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S. Korea’s GNI Per Capita Expected to Exceed $30,000 This Year
No Improvement in Real Economic Conditions
S. Korea’s GNI Per Capita Expected to Exceed $30,000 This Year
  • By Jung Suk-yee
  • December 10, 2018, 10:28
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South Korea’s GNI per capita is expected to top US$30,000 this year after having broken the US$20,000 mark 12 years ago.

South Korea’s GNI per capita is expected to top US$30,000 this year after having broken the US$20,000 mark 12 years ago, the Bank of Korea said on Dec. 9.

South Korea’s GNI per capita reached US$29,745 last year. The value for the first three quarters of this year is estimated at US$23,433. If this pace continues, it is estimated to reach US$31,243 at the end of this year.

South Korea broke the US$20,000 mark in 2006 with US$20,795. According to the World Bank, the country ranked 31st in the world last year. When it comes to countries with a population of at least 20 million, South Korea ranked ninth behind the United States, Japan, Britain, France, Germany, Canada, Australia and Italy.
 

Despite the rosy outlook, few ordinary people are actually feeling it with real economic conditions showing no signs of improvement. According to the central bank of South Korea, this year’s domestic economic growth is likely to stand at 2.7%, which is the lowest since 2012. Low growth is likely to continue for years.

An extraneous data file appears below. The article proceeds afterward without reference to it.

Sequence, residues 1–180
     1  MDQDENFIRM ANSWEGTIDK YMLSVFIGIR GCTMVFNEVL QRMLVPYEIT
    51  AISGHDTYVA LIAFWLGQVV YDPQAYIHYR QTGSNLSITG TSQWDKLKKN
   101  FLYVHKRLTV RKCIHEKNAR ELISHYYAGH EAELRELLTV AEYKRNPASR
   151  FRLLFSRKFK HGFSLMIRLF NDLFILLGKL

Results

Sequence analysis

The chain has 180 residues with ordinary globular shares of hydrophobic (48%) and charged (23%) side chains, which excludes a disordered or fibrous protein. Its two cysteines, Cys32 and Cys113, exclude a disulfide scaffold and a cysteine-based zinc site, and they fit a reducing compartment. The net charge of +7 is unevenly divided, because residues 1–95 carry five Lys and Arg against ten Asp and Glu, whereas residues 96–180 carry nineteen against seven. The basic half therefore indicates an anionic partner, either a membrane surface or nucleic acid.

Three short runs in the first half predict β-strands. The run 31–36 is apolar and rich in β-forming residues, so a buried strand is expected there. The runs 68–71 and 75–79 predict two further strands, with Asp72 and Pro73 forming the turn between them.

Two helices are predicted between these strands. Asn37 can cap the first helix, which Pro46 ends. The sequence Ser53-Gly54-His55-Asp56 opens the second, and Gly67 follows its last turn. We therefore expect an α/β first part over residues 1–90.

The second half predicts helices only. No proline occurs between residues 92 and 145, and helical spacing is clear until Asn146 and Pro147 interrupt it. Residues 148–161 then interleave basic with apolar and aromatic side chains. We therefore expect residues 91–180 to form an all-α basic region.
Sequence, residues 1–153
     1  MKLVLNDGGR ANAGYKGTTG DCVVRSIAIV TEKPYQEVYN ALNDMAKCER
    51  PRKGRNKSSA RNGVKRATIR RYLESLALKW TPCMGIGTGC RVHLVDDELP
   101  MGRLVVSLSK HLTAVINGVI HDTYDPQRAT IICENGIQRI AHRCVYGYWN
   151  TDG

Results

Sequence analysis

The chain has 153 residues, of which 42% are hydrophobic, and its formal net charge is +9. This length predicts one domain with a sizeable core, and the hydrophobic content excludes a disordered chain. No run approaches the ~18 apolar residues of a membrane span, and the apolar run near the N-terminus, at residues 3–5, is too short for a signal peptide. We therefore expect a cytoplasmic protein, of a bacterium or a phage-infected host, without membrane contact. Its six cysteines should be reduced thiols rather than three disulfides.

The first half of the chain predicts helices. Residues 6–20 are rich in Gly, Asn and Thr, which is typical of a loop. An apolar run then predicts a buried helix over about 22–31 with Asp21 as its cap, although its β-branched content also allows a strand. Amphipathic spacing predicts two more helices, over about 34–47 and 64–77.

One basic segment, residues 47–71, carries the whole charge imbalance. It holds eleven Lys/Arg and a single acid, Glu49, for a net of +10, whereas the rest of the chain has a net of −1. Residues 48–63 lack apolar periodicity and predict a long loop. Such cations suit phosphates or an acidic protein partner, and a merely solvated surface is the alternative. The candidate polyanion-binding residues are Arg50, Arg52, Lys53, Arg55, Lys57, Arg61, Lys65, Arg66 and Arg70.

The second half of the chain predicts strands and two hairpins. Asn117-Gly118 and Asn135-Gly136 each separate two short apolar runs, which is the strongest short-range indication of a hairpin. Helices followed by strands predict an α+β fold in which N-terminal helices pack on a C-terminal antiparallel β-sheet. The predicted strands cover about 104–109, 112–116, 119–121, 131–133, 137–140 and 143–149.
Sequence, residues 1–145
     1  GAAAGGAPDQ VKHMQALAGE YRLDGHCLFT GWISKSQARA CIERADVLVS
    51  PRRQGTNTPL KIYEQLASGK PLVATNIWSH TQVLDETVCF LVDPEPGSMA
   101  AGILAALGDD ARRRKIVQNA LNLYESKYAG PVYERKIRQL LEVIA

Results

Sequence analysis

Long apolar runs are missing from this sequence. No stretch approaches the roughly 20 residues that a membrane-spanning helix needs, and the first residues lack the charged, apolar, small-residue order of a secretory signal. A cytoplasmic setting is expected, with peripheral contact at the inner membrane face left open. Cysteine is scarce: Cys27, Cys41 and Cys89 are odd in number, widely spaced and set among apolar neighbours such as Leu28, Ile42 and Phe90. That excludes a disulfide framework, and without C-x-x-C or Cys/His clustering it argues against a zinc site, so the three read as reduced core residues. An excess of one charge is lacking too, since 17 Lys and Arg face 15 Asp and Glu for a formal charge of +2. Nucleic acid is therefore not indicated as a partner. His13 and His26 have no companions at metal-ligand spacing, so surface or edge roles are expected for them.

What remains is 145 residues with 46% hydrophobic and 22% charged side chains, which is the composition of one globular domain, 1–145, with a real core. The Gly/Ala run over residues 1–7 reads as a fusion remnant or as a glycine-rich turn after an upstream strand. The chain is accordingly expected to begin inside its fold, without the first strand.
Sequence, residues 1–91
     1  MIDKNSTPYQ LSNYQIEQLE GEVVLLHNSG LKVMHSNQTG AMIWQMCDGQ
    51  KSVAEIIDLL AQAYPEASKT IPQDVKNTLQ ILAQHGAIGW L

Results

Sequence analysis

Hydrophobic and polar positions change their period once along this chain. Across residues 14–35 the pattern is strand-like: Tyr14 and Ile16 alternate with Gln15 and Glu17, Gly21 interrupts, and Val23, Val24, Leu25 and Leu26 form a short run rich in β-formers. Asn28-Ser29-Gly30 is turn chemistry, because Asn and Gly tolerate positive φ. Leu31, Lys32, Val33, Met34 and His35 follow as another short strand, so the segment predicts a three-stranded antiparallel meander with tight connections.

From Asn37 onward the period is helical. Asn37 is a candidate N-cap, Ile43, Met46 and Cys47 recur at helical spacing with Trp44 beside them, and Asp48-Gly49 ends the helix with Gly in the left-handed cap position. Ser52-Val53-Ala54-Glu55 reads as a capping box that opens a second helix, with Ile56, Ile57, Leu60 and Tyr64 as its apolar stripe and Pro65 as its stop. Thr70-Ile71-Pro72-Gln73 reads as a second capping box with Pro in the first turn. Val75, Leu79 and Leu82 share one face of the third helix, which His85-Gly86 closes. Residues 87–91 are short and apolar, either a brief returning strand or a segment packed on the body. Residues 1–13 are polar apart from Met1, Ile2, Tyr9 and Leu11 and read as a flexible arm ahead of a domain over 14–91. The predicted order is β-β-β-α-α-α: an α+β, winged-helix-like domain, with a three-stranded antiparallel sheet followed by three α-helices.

The contribution of consumption and investment to economic growth was negative 1.3 percentage points in the third quarter of this year, the lowest since the third quarter of 2011. This was offset by exports. Specifically, the contribution of exports to economic growth was 1.7 percentage points during the same period. This trend accelerated this year. The contribution of consumption and investment had been 1.2 percentage points in the first quarter, but fell to negative 0.7 percentage points and negative 1.3 percentage points in the following quarters.

Besides, the prices of houses are skyrocketing and self-employed persons are facing more and more difficulties after the implementation of the 52-hour work week. The income divide is continuing to widen between those working for large and smaller corporations and between high and low income earners. In the second quarter of this year, large corporations’ operating profit-to-sales ratio rose 0.4 percentage points year on year to 7.8% whereas smaller firms’ fell from 7.4% to 7.3%.
 

In the third quarter, the bottom 20% households’ average monthly income fell 7.0% from a year earlier after an 8% decline in the first quarter and a 7.6% decline in the second quarter. The average monthly income of those constituting the second-lowest income group continued to fall for three quarters in a row, too.

Meanwhile, the top 20% households’ average monthly income showed the highest growth in the five groups in each quarter of this year, rising 8.8% in the third alone. During the period, the income of the top 20% was 552% of that of the bottom 20%, the highest since records began.